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Relationships and Data Integrity: The Foreign Key

 

Introduction

Continuing with our car rental database, imagine a customer comes to rent a car. We already established that it would be redundant to create new car information every time you process a new customer order. Instead, you would get the car's information from the table that holds data for the cars, and provide that information to the table used to process orders. As we described earlier, the car table should be able to provide its data to the other tables that would need that data. To make this flow of information possible from one table to another, you must create a relationship between them.

 

To make it possible for a table B to receive data from a table A, the table B must have a column that represents the table A. This columns acts as an "ambassador" or a link. As a pseudo-ambassador, the column in the table B almost does not belong to that table: it primarily allows both tables to communicate. For this reason, the column in the table B is called a foreign key.

A foreign key is a column on a table whose data is coming from another table.

Creating a Foreign Key in the Table Design View

To create a foreign key in the Table Design window, in the table that will receive the key, simply create a column with the following rules:

  • The column should have the same name as the primary column of the table it represents (but this is not a requirement)
  • The column must (this is required) have the same data type as the primary column of the table it represents

Here is an example of a column named GenderID that is a foreign key:

Foreign Key

Obviously in order to have information flowing from one table to another, the table that holds the primary information must be created. You can create it before or after creating the other table, as long as you have not established any link between both tables, it does not matter what sequence you use to create them.

The table that contains a primary key and that holds the information that another table would use is called the primary table or the parent table. The table that will receive the information from the other table is called the foreign table or the child table.

Creating a Foreign Key in the Relationships Dialog Box

To create a foreign key in a table:

  1. From the Object Explorer or the Server Explorer, open the child table in Design View
  2. Right-click anywhere in the table and click Relationships...
     
  3. In the Foreign Key Relationships dialog box, click Add
  4. A default name would be suggested to you. You can accept or change it. To change the name of the foreign key, on the right side, expand Identity and edit the string in the (Name) field:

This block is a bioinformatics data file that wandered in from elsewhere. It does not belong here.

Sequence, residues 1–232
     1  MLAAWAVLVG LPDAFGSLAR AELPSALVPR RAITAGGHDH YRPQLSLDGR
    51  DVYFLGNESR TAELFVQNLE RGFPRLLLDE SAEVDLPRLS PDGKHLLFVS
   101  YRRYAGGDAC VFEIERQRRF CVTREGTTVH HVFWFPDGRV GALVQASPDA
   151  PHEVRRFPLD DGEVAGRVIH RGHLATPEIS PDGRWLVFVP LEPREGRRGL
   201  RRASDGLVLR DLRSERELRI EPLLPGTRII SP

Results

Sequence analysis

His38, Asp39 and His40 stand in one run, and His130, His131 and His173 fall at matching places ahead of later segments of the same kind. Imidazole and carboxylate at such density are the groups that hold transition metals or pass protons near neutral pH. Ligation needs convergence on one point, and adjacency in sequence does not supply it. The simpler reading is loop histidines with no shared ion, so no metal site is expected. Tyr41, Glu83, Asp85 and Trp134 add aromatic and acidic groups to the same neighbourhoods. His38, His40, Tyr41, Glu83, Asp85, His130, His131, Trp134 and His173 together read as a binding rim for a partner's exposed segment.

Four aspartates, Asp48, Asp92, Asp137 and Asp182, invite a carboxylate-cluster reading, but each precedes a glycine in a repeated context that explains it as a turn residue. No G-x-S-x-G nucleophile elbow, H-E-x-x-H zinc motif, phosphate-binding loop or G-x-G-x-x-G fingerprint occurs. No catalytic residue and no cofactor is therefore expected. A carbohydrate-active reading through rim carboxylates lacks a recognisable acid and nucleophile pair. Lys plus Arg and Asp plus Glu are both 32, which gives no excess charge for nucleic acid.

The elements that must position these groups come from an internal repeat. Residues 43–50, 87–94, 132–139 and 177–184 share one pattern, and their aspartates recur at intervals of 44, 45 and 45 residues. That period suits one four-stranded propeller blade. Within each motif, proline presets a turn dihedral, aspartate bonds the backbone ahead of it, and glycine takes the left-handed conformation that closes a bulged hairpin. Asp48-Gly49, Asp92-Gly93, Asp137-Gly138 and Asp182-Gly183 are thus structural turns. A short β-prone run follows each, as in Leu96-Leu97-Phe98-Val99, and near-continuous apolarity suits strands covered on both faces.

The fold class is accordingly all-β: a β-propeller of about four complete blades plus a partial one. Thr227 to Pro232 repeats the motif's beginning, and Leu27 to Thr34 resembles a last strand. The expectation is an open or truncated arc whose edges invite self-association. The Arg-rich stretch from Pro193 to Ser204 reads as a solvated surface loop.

5. If necessary, in the same way, you can create other foreign keys by clicking Add. To delete an existing foreign key, first select it under Selected Relationships and click Delete.
    Once you are ready, click Close

Creating a Foreign Key in SQL

You can also create a foreign key in the SQL. The basic formula to use is:

FOREIGN KEY REFERENCES ParentTableName(ForeignKeyCcolumn) 

The FOREIGN KEY expression and the REFERENCES keyword are required. In the ParentTableName placeholder, enter the name of the primary table that holds the information that will be accessed in the current table. In the parentheses of ParentTableName, enter the name of the primary column of the parent table. Here is an example:

CREATE TABLE Persons
(
    PersonID int identity(1,1) PRIMARY KEY NOT NULL,
    FirstName varchar(20),
    LastName varchar(20) NOT NULL,
    GenderID int NULL FOREIGN KEY REFERENCES Genders(GenderID)
);

The Foreign Key Constraint

Notice that the foreign key does not have an object name as we saw for the primary key. If you do not specify a name for the foreign key, the SQL interpreter would automatically create a default name for you. Otherwise, to create a name, after creating the column, enter the CONSTRAINT keyword followed by the desired name and continue the rest as we saw above. Her is an example:

CREATE TABLE Persons
(
    PersonID int identity(1,1) PRIMARY KEY NOT NULL,
    FirstName varchar(20),
    LastName varchar(20) NOT NULL,
    GenderID int NULL CONSTRAINT FKGenders
                       FOREIGN KEY REFERENCES Genders(GenderID)
);

 

 

Published on Thursday 10 January 2008

 

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